Libertarian Party candidates throughout the United States are walking the walk necessary to win elections this fall, at all levels of government.
Gov. Gary Johnson announced his campaign for U.S. Senate at an Aug. 16 press conference in Albuquerque, N.M.
In a recently announced high-profile race, former two-term New Mexico Gov. Gary Johnson is running as a candidate for U.S. Senate from New Mexico. Johnson, who also served as the Libertarian Party’s presidential candidate in both 2012 and 2016, decided to make this run for Senate run after New Mexico Libertarian Land Commissioner Aubrey Dunn withdrew to focus on the duties of his current position.
Johnson is outpolling the Republican candidate in every survey conducted since his announcement. Johnson garnered nearly twice the Republican’s numbers in a poll conducted by Emerson College, and even outpolled the Republican candidate among Republican voters. Johnson has received the endorsement of U.S. Sen. Rand Paul of Kentucky, and of U.S. Senate candidate from Maine Eric Brakey. Brakey is currently a state senator who previously served as the state director for the 2012 Ron Paul presidential campaign, in which Paul won a majority of the Maine delegation.
The Democratic incumbent in Johnson’s U.S. Senate race is running scared. New Mexico Secretary of State Maggie Toulouse Oliver, also a Democrat, has announced that straight-party voting will be reinstituted in New Mexico in time for the election. At least one Democrat, state Sen. Jacob Candelaria, said straight-party voting would give “partisan advantage in low-information elections,” allowing Republicans and Democrats to shut out their competition more easily, and most states have abandoned the practice altogether. Ironically, when the New Mexico legislature repealed straight-party voting in 2012, that legislation had been signed a few years earlier in 2001 by then–Gov. Gary Johnson. Toulouse Oliver’s unilateral straight-party voting decree is of questionable legality, and both the Libertarian and Republican parties are suing to overturn it. Ginger Grider is running against Toulouse Oliver as the Libertarian Party’s candidate for New Mexico secretary of state.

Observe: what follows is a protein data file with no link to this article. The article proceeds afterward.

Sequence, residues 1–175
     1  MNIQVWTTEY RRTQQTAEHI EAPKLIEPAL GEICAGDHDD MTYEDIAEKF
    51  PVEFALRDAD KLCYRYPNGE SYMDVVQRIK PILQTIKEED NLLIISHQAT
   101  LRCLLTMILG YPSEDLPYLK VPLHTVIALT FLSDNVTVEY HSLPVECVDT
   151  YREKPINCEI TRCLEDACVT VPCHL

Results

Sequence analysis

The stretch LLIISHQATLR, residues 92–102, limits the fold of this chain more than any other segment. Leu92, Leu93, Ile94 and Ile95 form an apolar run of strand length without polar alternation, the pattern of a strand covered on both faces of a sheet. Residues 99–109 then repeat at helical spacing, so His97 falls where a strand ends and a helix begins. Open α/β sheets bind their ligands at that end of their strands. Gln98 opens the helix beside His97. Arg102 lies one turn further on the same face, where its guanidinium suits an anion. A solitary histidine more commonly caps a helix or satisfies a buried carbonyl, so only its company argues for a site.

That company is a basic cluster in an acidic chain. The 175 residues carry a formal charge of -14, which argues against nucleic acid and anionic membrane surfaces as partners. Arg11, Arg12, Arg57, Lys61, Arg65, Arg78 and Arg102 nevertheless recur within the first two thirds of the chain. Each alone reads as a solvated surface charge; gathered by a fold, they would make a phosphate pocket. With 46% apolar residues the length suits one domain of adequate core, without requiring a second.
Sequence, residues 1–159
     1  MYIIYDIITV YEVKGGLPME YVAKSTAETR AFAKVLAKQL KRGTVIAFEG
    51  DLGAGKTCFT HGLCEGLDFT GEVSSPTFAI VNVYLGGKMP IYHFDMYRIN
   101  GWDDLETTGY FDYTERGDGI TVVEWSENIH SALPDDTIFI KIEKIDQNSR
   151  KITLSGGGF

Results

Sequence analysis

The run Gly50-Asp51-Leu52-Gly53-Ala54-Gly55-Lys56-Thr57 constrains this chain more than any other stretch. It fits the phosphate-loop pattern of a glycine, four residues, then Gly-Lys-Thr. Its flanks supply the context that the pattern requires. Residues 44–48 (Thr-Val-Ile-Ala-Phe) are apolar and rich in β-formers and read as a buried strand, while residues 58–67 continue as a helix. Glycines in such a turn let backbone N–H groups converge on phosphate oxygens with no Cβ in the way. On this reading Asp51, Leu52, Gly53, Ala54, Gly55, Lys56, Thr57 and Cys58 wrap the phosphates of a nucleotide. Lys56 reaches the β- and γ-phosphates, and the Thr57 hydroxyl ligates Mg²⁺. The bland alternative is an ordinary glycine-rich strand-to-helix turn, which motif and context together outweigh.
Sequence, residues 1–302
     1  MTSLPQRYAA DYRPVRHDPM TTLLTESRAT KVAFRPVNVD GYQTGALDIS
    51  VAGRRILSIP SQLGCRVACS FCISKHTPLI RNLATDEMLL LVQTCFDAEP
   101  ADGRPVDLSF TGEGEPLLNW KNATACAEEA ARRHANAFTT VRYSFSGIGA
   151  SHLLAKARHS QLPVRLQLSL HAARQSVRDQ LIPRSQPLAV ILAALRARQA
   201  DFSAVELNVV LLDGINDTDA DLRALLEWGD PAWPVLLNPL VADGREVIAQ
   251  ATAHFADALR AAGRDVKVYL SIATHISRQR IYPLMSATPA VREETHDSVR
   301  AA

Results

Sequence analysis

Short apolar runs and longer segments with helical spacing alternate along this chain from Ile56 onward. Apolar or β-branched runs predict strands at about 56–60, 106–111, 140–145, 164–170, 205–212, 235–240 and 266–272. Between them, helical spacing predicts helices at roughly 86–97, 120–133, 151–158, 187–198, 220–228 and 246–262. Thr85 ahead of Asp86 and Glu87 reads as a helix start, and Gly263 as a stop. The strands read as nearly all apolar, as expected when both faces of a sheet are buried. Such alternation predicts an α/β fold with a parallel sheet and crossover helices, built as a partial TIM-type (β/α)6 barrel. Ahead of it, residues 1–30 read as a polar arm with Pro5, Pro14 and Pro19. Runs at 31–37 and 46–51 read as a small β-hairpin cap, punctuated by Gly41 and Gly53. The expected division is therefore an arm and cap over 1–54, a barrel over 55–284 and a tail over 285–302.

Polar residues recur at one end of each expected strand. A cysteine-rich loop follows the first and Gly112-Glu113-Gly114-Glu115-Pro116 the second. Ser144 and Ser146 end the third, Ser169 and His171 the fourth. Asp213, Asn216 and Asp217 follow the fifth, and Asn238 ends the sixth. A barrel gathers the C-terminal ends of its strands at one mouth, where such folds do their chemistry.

Jeff Hewitt, the Libertarian mayor of Calimesa, Calif., is running for the Riverside County Board of Supervisors. Riverside County is the eleventh most populous county in the United States, with 2.36 million people — larger than the populations of 16 states. Hewitt advanced in the June top-two primary election, in which three other candidates were eliminated. As mayor of Calimesa, Hewitt ended the city’s contract with the California Department of Forestry and Fire Protection and instituted a more efficient and cost-effective municipal fire department, saving the city from ruinous pension obligations in the process. Riverside County is also facing problems with underfunded pensions, and Hewitt is in a uniquely experienced position to help solve that problem. The Howard Jarvis Taxpayers Association rarely endorses local candidates, but Hewitt received an endorsement for his accomplishments eliminating waste and corruption. Hewitt is running a well-funded and professional campaign, and is confident in his ability to win.